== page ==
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  1. Default Advice for roadtrip from LA to Seattle in a week

    Hi all,

    We are thinking about taking a road trip during kids' spring break to Seattle, which is from 4/7 (Sat) - 4/14 (Sat). Like to save one day for a break before work ;-)

    But I don't know if this is too ambitious. We like to spend more time in major natural attraction but also like to spend sometime explore Seattle.
    Short stop on San Francisco sounds ok, since we've been there too many times.
    Any suggestion is welcome


  2. #2
    Join Date
    Mar 2005
    Western/Central Massachusetts

    Default Long drive

    2200 miles in a week is pretty ambitious, especially if you plan on spending a good amount of time in the natural areas along the way. That averages out to over 300 miles a day - 6 hours on the road every day, roughly.

    Have you considered limiting your distance to any of the great natural attractions in California?

  3. Default Doable, but Gonzo...

    Hi Neuron --

    Its a long 2 days drive from LA to Seattle via the fastest route (up I-5). And it'll be the same heading back. Assuming you're going to take 8 days for a trip, that leave you 4 days max in Seattle. So its doable, but a bit gonzo since you'll have a minimum of 4 long days just getting there and back. I usually stay somewhere between Redding and Yreka coming and going.

    There's a bit of alternative or two you can do toss in here and still leave a day or so in Seattle.

    On your way north, cut over at the bay area towards the coast. You can make it to somewhere between Santa Rosa and Ukiah the first day, and then head up 101 to Redwoods National Park and Crescent City. From there you can head back over to 5 at Ashland, and then back north to Seattle. It's a real whirlwind tour through that area, though. That may take 2 days out of your time in Seattle though.

    Another detour is to make it to Chico California the first night, and then go up to Lassen National Park and Burney (Burney Falls), and pick back up on the I-5 near Mt Shasta. That'll probably add only one day to the trip north or south.

    Another longer detour is to stop in Sacramento, and the next day do some of the musuems and sites to visit there, and then duck east to Reno/ Tahoe for a night. From Reno you can head back up towards Seattle, either coming out through Lassen to Mt Shasta area, or more easterly through Alturas and Kalmath Falls before getting back on the I-5.

    You can side trip to Crater lake in a day.

    Or you can bomb through Portland, and head west to Astoria, and then go up around the Olympic Pennisula. My estimate is that will be about 2 days in addition to the shortest time on I-5. Figure another night somewhere around Aberdeen, then a full day of sightseeing through Olympic National Park (hoh rain forest, hurricane ridge etc). You might push it to catch an evening ferry into Seattle from Kingston or Bremerton, but that would be a long busy driving day. You might stay somewhere like Port Angeles, relax a bit, and then head into Seattle mid morning the next day.
    Last edited by Mark Sedenquist; 03-29-2007 at 11:43 PM. Reason: Added link to RTA field report

  4. #4
    Join Date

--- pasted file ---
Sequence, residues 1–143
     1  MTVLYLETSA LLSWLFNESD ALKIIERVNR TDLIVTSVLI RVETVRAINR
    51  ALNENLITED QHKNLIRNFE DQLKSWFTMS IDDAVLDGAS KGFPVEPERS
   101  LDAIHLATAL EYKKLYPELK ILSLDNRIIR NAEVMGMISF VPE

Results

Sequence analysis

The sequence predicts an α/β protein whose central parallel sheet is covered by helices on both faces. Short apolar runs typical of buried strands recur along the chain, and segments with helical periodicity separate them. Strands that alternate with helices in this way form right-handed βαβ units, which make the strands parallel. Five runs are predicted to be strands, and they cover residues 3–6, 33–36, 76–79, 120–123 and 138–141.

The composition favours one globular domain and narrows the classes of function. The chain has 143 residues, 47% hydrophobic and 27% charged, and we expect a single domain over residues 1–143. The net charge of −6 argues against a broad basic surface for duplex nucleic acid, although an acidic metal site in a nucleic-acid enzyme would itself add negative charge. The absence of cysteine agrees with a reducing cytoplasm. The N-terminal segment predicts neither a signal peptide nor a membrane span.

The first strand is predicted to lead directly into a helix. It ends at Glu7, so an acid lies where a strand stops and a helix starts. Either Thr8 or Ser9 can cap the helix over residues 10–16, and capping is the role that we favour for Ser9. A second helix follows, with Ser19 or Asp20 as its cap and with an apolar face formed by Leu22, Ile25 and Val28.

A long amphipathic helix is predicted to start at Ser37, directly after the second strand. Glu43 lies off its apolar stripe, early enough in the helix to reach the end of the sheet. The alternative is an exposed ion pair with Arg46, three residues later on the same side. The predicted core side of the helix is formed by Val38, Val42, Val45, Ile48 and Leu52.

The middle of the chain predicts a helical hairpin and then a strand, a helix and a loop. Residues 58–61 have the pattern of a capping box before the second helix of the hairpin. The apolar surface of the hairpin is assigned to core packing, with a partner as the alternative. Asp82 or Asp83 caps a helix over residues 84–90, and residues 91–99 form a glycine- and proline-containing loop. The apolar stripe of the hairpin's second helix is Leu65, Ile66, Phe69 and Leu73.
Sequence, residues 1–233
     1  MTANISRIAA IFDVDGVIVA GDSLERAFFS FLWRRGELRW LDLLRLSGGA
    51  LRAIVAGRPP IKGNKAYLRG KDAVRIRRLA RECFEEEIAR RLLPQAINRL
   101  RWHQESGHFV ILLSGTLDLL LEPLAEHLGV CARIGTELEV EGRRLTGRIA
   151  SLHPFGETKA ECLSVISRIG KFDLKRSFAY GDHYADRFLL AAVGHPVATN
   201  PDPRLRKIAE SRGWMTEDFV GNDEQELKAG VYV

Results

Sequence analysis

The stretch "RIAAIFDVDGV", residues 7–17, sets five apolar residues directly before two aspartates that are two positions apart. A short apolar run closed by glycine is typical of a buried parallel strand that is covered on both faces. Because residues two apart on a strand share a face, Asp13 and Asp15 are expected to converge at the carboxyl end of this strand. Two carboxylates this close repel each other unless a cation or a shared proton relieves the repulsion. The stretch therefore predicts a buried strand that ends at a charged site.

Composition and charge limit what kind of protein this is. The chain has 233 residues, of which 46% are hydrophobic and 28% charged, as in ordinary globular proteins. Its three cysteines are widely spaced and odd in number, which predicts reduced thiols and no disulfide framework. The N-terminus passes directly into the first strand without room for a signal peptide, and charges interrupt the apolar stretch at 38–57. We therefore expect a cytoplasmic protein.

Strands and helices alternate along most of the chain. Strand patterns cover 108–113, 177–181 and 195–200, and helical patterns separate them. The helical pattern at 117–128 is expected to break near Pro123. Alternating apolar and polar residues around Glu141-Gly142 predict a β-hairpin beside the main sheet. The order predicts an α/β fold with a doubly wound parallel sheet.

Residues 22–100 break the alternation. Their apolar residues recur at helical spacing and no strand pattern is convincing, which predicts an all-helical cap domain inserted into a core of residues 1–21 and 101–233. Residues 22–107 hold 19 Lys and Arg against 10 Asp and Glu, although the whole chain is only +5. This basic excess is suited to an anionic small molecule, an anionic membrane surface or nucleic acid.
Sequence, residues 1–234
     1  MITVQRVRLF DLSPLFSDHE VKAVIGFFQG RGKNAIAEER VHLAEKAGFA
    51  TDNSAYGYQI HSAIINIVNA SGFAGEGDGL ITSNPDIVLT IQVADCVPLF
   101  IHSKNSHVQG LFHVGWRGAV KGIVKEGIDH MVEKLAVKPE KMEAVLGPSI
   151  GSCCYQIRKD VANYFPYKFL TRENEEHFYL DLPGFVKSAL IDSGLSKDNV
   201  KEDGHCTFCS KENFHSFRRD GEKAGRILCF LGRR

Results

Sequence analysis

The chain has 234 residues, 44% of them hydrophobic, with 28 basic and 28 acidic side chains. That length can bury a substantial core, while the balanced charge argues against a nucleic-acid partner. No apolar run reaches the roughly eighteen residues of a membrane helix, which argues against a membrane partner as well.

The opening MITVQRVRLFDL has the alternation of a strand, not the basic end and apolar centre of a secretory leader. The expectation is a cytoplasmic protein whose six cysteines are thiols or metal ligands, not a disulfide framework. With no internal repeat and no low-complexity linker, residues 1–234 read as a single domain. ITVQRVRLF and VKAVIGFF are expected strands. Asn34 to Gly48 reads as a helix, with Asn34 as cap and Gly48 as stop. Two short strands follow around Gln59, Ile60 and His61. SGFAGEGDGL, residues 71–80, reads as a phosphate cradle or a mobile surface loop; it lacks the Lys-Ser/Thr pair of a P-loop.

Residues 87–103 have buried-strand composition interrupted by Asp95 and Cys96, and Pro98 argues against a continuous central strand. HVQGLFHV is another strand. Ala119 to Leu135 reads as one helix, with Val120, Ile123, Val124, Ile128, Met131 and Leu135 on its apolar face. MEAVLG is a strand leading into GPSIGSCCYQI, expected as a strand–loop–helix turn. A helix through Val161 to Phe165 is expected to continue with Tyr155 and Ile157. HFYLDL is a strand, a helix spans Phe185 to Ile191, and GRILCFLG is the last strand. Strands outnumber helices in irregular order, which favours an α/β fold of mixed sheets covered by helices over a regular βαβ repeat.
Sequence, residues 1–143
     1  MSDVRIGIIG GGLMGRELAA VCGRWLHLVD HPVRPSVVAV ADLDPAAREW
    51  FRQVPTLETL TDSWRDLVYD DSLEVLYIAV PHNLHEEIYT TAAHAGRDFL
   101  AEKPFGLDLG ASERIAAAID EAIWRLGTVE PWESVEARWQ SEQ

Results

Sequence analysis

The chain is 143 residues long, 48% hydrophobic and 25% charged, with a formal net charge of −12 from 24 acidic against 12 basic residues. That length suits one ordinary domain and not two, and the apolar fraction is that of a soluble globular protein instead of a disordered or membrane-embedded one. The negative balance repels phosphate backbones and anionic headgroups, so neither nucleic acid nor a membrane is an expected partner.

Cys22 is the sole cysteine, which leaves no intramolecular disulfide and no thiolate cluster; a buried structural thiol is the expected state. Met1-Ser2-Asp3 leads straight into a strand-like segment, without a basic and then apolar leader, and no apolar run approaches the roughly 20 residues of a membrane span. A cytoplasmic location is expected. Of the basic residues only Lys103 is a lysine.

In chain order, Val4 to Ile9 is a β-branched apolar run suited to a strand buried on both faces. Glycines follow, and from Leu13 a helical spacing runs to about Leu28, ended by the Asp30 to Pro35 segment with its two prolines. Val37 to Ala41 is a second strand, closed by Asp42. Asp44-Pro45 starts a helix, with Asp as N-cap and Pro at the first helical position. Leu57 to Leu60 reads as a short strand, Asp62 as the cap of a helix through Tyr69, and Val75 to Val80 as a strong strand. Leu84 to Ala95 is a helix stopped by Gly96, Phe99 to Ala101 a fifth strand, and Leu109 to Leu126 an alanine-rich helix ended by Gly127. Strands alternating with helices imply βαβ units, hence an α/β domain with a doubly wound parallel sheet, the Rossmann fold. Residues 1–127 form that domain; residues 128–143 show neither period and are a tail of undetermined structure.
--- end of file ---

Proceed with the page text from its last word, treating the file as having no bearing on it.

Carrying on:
Mar 2005
    Washington state coast/Olympic Peninsula

    Default Sounds like a jam-packed week!

    Larrison has given you several great alternative recommendations. I live in Washington state and I've done several speed runs to go to Disneyland. Like Larrison, we usually stay around the Redding area and figure 2 long days of driving on I-5 to make the trip.

    Is there something specific you want to see in Seattle? In other words, is that destination firm for some reason? Or do you just want to see the great Pacific NW? Personally, I think your time would better be spent seeing Mt. St. Helens (a must, imho!), possibly Mt. Rainier, and the Olympic Peninsula. You might do this:

    Drive up I-5 and then plan a stop for the night in Castle Rock, WA. You can go from Castle Rock up to see Mt. St. Helens either that same day if you get there early enough or the next morning. It's about an hour to the viewpoint and major visitor center. I would plan at least an hour there, minimum, depending on how much hiking and exploring the visitor center you'll do. (It can be a quick look-see or an all day trip depending on your interest level.) From Castle Rock, it's about 2-3 hours to Seattle depending on traffic.

    Note: Seattle traffic is horrid. Rush hour is roughly 6am-10am in the morning and 3pm-7pm at night. Of course, it's worse going into the city in the morning and worse leaving the city at night. But traffic is thick both ways. So plan your arrival/leaving Seattle accordingly.

    If you want to see Mt. St. Helens and then go to Mt. Rainier, there are back roads you can take that are quite beautiful drives. If you want to do that let me know and I can give you better details.

    If, after enjoying Seattle, you decide to enjoy the Olympic Peninsula, then I would take the ferry across. I'd suggest taking the one from the Seattle waterfront to Winslow on Bainbridge Island. From there, you can drive to-and-around the Olympic Peninsula, and then continue south towards home along the Washington and Oregon coasts.

    You won't have time to do the whole coastal trip if you do this. I'm guessing you'd need to consider leaving the coast around Newport, OR, going east to Albany, OR, and then meeting up with I-5 to get home.